From homegrown tech talent to multinational enterprise, Verizon Connect (formerly Telogis) still calls Christchurch home.
With offices in 15 countries across the world including London, Sydney and Chicago, the Canterbury success story first started with a dream to optimise the way people, vehicles and other things move through the world.
Founded in 2000 by Christchurch local Ralph Mason and American Newth Morris, the company, then known as Telogis, developed a fleet tracking software to track the location of vehicles.
Rebranding as Verizon in 2014, the company created the Verizon Connect portfolio of solutions and services, yet group vice present of mobile research and development, Gary Jensen, says Christchurch remains the beating heart of the company’s research and development activities.
Much of the group’s original technology was developed in Christchurch and Jansen says this has been instrumental in transforming the enterprise into a technology leader and pioneer in the telematics industry.
“We have the capability and go-to attitude to think laterally and build the most innovative solutions in ways that other countries and locations might not be able to,” he says.
“The quality of software engineering students and the close relationships we have with Canterbury University and other groups has helped to make Christchurch a thriving place for our technology company,” Jensen says.
Verizon Connect regularly hires university graduates for its Christchurch office and hosts interns, with many staying on as permanent employees after graduation.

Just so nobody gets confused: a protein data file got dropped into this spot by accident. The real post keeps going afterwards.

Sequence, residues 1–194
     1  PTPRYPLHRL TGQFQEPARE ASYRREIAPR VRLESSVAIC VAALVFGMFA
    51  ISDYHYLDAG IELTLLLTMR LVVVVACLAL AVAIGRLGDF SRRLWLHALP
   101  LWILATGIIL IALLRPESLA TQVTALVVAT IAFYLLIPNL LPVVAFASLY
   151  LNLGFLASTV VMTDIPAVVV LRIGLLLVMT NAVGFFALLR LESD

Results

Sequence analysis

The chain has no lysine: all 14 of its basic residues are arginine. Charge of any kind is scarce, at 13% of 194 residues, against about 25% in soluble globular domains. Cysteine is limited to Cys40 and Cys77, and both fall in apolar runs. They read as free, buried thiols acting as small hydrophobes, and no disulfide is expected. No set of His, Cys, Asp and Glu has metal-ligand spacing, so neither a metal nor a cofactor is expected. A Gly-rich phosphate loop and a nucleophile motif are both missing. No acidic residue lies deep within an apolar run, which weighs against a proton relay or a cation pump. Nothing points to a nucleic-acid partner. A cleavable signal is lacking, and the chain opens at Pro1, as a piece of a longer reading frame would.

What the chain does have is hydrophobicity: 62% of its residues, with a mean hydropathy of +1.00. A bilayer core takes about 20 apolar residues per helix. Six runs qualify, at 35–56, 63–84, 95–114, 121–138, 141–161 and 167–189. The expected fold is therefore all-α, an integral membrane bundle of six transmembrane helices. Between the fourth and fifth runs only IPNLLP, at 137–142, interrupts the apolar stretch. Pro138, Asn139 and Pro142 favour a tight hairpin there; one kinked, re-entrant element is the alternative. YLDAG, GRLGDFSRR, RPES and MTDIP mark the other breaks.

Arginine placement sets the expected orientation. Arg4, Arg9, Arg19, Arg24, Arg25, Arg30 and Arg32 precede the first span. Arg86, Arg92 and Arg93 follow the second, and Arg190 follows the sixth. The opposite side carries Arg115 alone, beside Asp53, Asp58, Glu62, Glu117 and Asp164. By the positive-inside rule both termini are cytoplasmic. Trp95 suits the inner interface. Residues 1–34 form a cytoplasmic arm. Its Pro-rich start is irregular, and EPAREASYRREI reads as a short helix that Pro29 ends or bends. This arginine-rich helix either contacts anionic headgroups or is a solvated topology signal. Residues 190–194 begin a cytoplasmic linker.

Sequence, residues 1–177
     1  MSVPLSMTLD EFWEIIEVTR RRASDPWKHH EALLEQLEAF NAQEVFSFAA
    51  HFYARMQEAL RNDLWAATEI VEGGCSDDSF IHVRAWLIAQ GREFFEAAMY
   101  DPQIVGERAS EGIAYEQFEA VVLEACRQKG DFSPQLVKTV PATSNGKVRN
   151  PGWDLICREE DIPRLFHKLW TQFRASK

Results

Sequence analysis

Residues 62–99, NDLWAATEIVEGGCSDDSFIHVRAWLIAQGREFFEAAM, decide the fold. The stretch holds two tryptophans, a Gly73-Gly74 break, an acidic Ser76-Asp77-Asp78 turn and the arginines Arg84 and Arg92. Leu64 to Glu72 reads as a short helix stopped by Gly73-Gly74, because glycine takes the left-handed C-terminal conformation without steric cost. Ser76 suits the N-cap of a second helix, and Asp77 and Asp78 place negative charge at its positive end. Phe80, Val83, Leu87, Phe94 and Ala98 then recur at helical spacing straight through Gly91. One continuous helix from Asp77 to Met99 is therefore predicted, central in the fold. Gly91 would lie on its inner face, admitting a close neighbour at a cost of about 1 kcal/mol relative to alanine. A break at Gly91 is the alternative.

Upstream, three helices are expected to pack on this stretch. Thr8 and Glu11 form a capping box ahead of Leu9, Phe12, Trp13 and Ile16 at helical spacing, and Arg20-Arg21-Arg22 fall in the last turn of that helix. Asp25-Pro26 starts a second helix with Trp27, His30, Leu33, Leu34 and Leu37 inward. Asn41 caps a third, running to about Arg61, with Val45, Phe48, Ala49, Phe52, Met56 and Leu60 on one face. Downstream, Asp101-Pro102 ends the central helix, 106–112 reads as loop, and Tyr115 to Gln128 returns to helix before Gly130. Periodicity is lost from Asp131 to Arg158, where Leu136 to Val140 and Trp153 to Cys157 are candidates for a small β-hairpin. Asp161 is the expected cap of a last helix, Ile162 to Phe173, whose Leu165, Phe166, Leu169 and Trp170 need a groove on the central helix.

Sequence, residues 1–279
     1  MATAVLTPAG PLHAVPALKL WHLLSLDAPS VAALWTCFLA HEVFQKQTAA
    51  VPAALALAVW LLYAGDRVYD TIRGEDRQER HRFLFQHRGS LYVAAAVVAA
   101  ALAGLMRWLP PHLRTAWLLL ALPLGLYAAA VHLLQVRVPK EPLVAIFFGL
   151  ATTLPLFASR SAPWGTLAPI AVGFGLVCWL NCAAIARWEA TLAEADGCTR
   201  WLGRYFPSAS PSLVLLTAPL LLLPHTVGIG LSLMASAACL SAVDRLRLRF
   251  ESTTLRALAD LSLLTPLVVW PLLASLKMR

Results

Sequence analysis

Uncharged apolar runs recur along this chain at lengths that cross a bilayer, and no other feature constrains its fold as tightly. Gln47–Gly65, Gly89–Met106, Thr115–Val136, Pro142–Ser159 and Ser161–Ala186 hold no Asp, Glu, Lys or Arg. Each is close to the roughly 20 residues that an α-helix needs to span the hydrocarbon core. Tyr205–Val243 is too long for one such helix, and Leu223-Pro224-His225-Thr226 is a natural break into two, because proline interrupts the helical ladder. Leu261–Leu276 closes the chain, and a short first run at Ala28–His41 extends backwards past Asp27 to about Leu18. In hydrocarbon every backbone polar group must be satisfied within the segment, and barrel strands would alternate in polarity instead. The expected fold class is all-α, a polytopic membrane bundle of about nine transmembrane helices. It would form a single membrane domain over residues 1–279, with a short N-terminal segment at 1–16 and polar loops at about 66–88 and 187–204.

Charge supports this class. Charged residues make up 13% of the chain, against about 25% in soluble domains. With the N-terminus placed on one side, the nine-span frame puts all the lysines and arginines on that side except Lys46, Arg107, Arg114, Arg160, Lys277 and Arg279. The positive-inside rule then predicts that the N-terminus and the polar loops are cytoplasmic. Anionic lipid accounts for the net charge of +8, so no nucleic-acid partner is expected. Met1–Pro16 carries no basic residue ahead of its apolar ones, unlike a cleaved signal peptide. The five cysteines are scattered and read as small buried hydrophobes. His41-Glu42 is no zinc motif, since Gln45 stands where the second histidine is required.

“The Christchurch tech sector has come through massive leaps especially in the last 5 to 10 years,” Jensen says. Today Christchurch’s world class tech sector is the second largest in New Zealand, contributing around $2.4 billion of GDP and exporting $1.1 billion annually.
Diverse and creative with a rich tech talent pool, Christchurch’s tech sector also encourages strong business and student relationships, to ensure the right skills in the city’s future workforce pipeline.
“Community groups like CanterburyTech have also helped increase the profile and strength of the Christchurch tech sector significantly, bringing to light some of the strong engineering work the city has always been good at, but no one was aware of.”
Jensen says Christchurch’s closely connected tech community and supportive business environment also makes it an ideal environment for start-ups with big ideas.
And the secret to capitalising on those ideas is to; “focus on the big picture beyond the local market, while still keeping roots in the Christchurch and Kiwi way of doing things.”